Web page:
Missing Middle Housing: The Key to Scaling Affordability?

Kreisman Initiative on Housing Law and Policy Symposium


In the U.S. today, it is estimated that for every 100 families needing an affordable home, only 37 affordable homes are available. If a family is seeking an affordable home in a well-serviced neighborhood, the options are far less.

As government subsidy falls far short of need, there is an urgent need to preserve—or build more of—the nation’s supply of un-subsidized, “naturally occurring affordable housing” or “NOAHs.” Such housing is typically in small buildings (2-19 units) and is sometimes described as the “missing middle” because so much housing is focused on single-family houses or highrise apartments and condos. In many cities, this middle tier of naturally affordable housing is disappearing at an alarming rate.

“Missing Middle Housing: The Key to Scaling Affordability?” the next Kreisman Housing Law and Policy Initiative Symposium, on May 1, 2023, spotlighted the intersection of middle housing — whether missing or disappearing — and affordability. We want to know: what are the prospects for affordability via unsubsidized, “missing middle” housing? Is the middle tier of housing really more affordable, and under what circumstances does it stay that way?

The conference focused on two overall strategies for growing and preserving the supply of unsubsidized affordable rental housing: 1) the preservation of existing affordable “missing middle” rental units, and 2) the creation of new “missing middle” housing units via new construction.

The day-long conference was structured around the following three themes.

One. Design and Context

 Our first task is to get the lay of the land – what is missing middle housing, how “naturally affordable” is it, and where is it located? We will present research from Chicago and elsewhere estimating the parameters of unsubsidized affordability. How is it possible to determine the level and location of unsubsidized affordability? What datasets are available? Most importantly, we want to know the neighborhood contexts of the missing middle. How do levels vary by high cost vs. stable vs. disinvested markets? What levels of pedestrian quality, servicing, transit-access and walkability are associated? We will estimate the trends in terms of where missing middle affordability is being lost, how quickly, and what the future holds.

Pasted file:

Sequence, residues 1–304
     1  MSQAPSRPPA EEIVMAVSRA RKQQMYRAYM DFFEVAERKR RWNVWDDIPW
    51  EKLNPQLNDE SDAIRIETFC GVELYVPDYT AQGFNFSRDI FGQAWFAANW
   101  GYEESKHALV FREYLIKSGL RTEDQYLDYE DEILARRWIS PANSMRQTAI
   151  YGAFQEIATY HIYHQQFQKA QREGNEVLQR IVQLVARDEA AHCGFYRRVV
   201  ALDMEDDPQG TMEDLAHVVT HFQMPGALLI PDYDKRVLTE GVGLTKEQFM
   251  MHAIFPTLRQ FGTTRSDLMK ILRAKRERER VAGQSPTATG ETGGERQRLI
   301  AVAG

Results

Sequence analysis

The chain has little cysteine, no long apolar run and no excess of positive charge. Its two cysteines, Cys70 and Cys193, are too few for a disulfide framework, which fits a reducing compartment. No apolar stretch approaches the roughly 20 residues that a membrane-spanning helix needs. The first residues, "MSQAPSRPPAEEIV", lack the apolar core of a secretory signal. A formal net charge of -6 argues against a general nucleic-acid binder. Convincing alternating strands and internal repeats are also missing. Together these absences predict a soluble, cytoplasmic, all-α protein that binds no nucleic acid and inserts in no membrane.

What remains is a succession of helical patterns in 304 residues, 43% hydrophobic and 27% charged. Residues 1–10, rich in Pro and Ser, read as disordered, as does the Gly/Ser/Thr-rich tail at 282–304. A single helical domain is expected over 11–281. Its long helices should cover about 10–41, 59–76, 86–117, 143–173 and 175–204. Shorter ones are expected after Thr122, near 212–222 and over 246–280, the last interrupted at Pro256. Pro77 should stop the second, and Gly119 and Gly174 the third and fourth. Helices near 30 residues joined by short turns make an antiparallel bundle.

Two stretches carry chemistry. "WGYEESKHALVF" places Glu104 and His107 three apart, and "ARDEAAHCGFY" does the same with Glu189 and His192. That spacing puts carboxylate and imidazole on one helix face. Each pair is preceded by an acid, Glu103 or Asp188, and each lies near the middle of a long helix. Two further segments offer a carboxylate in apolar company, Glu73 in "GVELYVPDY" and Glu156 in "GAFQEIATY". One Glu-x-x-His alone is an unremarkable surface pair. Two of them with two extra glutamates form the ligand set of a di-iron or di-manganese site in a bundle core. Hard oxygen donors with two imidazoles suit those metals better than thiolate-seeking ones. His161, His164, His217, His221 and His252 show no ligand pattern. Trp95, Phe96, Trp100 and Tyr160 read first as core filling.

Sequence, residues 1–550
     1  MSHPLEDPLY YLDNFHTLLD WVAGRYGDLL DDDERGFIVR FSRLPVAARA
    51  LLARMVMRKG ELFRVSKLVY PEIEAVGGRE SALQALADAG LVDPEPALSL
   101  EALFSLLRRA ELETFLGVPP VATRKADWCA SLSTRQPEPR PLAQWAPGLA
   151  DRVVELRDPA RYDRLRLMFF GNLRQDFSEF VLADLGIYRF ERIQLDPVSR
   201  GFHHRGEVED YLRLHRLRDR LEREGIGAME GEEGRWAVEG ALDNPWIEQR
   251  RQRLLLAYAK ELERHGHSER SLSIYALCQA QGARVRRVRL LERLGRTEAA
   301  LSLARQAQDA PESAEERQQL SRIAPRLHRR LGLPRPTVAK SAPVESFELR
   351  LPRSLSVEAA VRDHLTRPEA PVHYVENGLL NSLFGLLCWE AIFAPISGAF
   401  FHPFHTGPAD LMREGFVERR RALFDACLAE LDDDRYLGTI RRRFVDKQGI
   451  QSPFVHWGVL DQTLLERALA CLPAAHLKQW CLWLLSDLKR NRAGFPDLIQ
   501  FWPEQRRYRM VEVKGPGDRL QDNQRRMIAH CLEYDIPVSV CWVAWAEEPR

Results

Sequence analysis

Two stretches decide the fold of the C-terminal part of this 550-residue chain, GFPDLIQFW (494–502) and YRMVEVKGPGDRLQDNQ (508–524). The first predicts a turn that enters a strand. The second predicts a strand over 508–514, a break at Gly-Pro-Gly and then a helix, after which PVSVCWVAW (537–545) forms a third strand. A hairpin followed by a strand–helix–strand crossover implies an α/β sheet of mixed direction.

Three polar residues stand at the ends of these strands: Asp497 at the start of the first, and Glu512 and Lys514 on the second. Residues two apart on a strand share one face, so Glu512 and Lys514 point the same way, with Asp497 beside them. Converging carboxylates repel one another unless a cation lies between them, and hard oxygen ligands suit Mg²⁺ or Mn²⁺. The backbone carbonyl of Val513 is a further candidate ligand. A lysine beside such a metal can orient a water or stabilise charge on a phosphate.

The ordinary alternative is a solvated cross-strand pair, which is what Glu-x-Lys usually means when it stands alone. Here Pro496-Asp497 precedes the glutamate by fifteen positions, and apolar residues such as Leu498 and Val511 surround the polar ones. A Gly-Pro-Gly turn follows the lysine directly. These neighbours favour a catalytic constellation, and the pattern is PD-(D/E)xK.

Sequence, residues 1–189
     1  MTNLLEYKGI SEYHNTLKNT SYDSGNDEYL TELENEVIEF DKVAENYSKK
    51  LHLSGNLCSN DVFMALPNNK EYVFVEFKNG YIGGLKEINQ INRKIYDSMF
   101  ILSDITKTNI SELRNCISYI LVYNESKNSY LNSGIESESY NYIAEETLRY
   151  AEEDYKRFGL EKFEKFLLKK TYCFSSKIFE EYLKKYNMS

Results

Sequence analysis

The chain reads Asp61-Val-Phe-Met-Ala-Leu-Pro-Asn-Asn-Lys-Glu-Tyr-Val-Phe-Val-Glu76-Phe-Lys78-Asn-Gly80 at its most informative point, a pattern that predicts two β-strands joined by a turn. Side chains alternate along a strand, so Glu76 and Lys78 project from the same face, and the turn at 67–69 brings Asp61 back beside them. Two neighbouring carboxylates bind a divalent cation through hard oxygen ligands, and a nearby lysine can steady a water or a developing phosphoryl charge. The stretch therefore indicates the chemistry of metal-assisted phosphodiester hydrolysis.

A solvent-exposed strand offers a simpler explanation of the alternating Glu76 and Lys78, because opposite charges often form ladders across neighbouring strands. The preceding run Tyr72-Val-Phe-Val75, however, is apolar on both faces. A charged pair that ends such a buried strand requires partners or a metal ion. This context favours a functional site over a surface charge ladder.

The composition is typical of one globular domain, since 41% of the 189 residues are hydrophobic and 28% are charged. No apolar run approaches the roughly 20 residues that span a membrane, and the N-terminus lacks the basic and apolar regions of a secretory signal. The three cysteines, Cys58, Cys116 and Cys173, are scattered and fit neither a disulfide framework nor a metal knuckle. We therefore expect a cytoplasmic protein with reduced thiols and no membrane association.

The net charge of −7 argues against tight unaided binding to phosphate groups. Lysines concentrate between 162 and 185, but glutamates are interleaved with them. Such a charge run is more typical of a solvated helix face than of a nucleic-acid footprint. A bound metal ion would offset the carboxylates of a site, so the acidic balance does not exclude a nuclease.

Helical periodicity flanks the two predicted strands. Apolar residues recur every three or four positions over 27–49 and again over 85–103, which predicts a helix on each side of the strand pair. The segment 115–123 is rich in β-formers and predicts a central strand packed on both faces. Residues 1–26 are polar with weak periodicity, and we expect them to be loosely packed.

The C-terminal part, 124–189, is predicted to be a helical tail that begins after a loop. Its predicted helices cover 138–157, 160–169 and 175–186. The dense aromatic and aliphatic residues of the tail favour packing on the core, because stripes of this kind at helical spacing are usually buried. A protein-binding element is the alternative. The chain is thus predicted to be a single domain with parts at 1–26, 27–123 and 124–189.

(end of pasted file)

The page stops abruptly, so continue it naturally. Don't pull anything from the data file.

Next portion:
Two. Preserving existing supply

A second topic will be to focus on proven strategies and best practices for preserving existing affordability in missing middle housing. We will explain the policies options, including those involving the non-profit sector, and report on progress being made. How do strategies change depending on context, building type, and the local market? What obstacles need to be overcome? What has been successful for scaling the renovation and preservation of existing affordable units in missing middle housing?

Three. Creating new supply

Our third topic is to look at the prospects for building new and affordable missing middle housing. Who is going to build affordable missing middle housing, overcoming the many hurdles encountered? Where might it be located? Is it possible to build unsubsidized affordable rental units, in missing middle format, in well-serviced areas? What kinds of resources, such as training programs, are available for growing the supply of small-scale developers who can build missing middle housing?

The event was be held on Monday, May 1, 2023, at the David Rubenstein Forum, 1201 E 60th St.

About the Kreisman Symposium

The Kreisman Initiative for Housing Law and Policy hosts an annual, one-day symposium that brings together leading housing academics, policy makers, and practitioners from the public, private, and innovation spheres, with an emphasis on knowledge creation, including new data and tools, and the comparative analysis of perspectives and solutions, including between domestic and international participants. The symposium is made possible by substantial support from David Kreisman AB ’60, JD ’63, and his wife, Susan.